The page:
When enough individuals make the same decision for personal reasons, a critical mass is generated that can affect the entire community. That the Delta variant of COVID is now ravaging Jacksonville is traceable to the choice that individuals made not to be vaccinated. By the same token, Superintendent Diana Green of the Duval County public school system, who sent official notification to all principals that she would announce a mask mandate on Monday morning for all K-12 students because of the COVID surge in Jacksonville, was short-circuited by one man in Tallahassee, who has forbidden all school districts in the state from taking an action the CDC, the American Academy of Pediatrics, and every physician I’ve spoken to is urging, even begging. Children under 12 who, by definition, are unvaccinated, are significantly more vulnerable to the Delta virus. As of yesterday there were 15 children with this new form of COVID in the pediatric ICU at Wolfson. One person and one decision impacts an entire community.
We may not not relish this; we may even sometimes resent it, but it is an unavoidable and inextricable aspect of being in a relationship with another person, a family, an entire community is made vulnerable by what others do. The only remedy is to accept our responsibility in protecting one another. As Jews we know the answer to the question, “הֲשֹׁמֵ֥ר אָחִ֖י אָנֹֽכִי – Am I my brother’s keeper?”
The Talmud teaches that God created a single human being to teach that one who saves another’s life has saved an entire world. In a secular culture that values personal autonomy above virtually everything else, it is sufficient to be a world unto oneself. Within a Jewish context, however, community consists of interlocking worlds, a human ecosystem in which mutual dependencies constitute a permanent pas de deux between ourselves and our neighbors. Beyond the noise and bombast of those who peddle conspiracy theories, the quacks who tout dangerous misinformation, and those who have trouble seeing how their insistence on personal freedom saddles the rest of us with the consequences of theirs irresponsibility, it is clear what the Torah would command us to do: when the mainstream medical establishment begs us to get vaccinated, we are obligated to do so; when physicians tell us to wear everyone to wear a mask indoors during a COVID surge, we listen. Judaism commands us to protect our own health, and equally the health of others. As a Jewish institution this is what we need to do.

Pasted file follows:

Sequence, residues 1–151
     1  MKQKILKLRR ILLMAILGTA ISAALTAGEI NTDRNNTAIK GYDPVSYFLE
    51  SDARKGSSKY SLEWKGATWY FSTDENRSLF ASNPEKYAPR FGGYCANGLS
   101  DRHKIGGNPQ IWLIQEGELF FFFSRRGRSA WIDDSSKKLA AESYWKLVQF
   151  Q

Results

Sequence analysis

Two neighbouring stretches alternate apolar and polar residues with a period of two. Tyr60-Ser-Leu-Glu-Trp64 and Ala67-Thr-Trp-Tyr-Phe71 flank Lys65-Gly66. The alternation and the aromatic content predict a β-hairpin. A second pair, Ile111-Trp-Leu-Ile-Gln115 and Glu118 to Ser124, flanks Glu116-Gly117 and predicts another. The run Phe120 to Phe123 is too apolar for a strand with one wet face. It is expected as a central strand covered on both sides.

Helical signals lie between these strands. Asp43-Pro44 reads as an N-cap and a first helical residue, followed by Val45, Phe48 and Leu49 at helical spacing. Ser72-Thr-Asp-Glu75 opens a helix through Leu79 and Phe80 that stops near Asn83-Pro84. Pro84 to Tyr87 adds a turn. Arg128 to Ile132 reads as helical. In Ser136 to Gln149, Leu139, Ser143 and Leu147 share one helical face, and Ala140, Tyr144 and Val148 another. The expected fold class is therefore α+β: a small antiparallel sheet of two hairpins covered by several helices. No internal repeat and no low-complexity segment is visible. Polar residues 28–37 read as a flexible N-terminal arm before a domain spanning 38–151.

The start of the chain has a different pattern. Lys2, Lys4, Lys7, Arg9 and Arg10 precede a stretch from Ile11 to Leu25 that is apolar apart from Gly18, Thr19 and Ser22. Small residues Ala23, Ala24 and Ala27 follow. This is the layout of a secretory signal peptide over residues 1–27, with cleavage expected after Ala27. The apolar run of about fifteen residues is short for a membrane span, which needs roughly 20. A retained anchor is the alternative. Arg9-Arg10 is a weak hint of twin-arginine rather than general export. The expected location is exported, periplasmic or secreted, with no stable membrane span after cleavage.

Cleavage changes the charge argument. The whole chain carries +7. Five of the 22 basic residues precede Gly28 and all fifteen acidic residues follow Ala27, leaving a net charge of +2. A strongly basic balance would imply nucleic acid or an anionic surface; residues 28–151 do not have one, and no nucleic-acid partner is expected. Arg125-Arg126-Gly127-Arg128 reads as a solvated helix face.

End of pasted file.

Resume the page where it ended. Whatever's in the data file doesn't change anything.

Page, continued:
A little girl inadvertently brings flu to a summer camp. A man who refuses to wear a mask inadvertently gives a total stranger a life-threatening case of COVID while standing in line at Target. The good news here is that the pandemic has offered us an opportunity to go beyond the egotistical walls that trap our souls and limit the field of our spiritual vision. We can rise to the challenge. We really can.
I’ll leave the last word to Albert Camus, or, if you like, Raymond Rambert, the journalist in the novel who attempts to evade the quarantine of Oran, only to stay and make a difference in the lives of others. “Until now I always felt a stranger in this town, and that I had no concern with you people. But now that I’ve seen what I have seen, I know that I belong here whether I want it or not. This business is everybody’s business.” Indeed, it is, Monsieur Rambert; to live within community is to truly realize how community lives within us.